Javascript: eval() and window.eval() Are Not The Same Thing

by Jon Davis 9. March 2010 03:32

I’ve been waiting for quite some time for my using.js project to pass all of its tests on Webkit and Opera. The last issue was the “retain context” issue, which wasn’t a using.js issue so much as a scenario issue, where if you declare a using block with using.js, the target object context for the “this” object was being retained in IE and in Firefox but not in Webkit nor in Opera. This issue revolved around the use of window.eval(), and I filed a bug report here:

.. as well as on Opera’s web site (no URL available as bug reports there are not public).

As is clearly observable in the history of the bug (bug title was changed by an Apple engineer) and in the comments of the bug, the scope and cause of the bug turned out to be more innocent than the browsers merely treating window.eval() differently. Although that remained true, it was irrelevant; I should have been using eval(), not window.eval().

The window.eval() function was the only eval() function I knew of. I had always assumed that eval() came about by way of the global window scope. But it appears that eval() is actually a standalone ECMAScript 5 operator now. This is interesting news! Who knew?!

So, note to self. From now on, never use window.eval()! Always use just eval().

And I’ve updated the using.js manual tests accordingly.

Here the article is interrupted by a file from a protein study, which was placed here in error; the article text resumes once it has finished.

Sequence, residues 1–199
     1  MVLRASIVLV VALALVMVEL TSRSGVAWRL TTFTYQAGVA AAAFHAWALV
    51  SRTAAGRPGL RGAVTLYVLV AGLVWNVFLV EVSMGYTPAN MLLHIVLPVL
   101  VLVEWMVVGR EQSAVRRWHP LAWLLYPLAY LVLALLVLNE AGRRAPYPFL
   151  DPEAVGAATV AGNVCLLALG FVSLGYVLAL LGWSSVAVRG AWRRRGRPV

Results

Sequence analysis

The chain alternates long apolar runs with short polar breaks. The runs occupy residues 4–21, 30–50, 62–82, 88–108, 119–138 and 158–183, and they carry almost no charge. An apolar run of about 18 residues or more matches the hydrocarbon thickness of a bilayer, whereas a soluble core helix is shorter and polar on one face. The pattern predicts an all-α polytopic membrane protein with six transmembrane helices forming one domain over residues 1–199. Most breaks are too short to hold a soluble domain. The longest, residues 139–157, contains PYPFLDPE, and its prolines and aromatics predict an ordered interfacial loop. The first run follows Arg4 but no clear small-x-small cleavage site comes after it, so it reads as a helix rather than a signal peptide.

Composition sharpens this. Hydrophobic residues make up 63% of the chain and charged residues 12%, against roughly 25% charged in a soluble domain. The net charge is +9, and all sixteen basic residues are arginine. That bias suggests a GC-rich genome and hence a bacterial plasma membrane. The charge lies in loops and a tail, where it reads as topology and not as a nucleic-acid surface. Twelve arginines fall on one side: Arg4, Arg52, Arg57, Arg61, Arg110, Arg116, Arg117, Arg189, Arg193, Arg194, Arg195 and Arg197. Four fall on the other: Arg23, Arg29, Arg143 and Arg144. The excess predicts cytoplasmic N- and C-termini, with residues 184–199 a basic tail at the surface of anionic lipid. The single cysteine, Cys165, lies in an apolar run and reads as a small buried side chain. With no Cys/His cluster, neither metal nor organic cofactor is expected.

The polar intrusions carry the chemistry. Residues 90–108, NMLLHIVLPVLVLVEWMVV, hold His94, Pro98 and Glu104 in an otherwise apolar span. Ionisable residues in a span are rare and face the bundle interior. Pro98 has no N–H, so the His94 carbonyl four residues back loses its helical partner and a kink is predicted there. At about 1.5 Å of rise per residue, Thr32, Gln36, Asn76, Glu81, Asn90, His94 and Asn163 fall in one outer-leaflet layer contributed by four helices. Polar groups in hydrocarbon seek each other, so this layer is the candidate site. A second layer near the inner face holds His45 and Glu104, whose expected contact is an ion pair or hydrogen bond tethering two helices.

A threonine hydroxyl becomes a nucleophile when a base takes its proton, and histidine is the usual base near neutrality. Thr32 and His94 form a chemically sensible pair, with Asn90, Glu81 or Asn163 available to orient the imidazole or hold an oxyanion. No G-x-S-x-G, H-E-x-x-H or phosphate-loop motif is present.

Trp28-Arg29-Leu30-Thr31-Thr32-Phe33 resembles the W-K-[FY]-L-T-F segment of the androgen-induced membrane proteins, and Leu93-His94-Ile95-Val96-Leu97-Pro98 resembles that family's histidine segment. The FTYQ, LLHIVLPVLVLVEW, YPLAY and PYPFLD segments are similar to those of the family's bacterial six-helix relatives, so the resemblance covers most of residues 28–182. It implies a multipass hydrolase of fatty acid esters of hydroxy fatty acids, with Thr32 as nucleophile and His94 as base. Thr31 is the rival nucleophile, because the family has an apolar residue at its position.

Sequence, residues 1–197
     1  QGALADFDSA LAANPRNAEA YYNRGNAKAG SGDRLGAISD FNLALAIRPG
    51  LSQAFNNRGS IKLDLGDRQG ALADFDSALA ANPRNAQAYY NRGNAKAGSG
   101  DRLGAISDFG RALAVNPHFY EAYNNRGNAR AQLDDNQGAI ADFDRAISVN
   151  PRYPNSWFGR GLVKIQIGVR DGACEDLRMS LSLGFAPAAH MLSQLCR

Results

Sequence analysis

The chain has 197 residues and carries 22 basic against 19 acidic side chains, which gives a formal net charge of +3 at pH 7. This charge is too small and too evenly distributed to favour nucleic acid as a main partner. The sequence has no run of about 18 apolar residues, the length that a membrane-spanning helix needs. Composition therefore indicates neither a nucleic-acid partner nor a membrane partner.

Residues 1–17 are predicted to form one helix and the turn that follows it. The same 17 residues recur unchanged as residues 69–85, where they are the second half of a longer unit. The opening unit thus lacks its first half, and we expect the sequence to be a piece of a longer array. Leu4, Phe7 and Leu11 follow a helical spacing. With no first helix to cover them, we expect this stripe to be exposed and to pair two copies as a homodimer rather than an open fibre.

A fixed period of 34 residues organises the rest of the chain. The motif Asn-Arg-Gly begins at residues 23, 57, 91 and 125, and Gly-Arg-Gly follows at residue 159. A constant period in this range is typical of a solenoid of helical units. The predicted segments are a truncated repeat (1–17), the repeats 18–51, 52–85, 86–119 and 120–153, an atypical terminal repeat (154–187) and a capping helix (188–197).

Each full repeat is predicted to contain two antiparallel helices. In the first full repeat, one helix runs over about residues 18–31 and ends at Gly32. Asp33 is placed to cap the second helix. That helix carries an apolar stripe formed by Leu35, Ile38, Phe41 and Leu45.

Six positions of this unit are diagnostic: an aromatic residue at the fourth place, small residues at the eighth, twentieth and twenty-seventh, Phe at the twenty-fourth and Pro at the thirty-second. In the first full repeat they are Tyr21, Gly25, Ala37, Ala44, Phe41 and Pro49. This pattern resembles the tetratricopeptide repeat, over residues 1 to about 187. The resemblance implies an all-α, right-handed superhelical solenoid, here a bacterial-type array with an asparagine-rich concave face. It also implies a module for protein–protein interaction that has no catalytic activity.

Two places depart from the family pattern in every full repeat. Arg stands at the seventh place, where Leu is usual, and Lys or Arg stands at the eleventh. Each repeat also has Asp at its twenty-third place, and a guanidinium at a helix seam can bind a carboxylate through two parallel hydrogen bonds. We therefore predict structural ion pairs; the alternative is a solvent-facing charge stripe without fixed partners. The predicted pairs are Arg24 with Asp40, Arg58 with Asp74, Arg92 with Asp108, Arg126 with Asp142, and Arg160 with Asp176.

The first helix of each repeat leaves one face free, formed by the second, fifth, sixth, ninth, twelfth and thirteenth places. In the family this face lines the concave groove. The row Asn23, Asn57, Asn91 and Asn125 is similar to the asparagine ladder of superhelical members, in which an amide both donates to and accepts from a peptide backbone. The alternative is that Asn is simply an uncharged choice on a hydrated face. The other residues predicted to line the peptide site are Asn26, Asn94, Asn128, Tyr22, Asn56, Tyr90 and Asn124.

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About the author

Jon Davis (aka "stimpy77") has been a programmer, developer, and consultant for web and Windows software solutions professionally since 1997, with experience ranging from OS and hardware support to DHTML programming to IIS/ASP web apps to Java network programming to Visual Basic applications to C# desktop apps.
Software in all forms is also his sole hobby, whether playing PC games or tinkering with programming them. "I was playing Defender on the Commodore 64," he reminisces, "when I decided at the age of 12 or so that I want to be a computer programmer when I grow up."

Jon was previously employed as a senior .NET developer at a very well-known Internet services company whom you're more likely than not to have directly done business with. However, this blog and all of have no affiliation with, and are not representative of, his former employer in any way.

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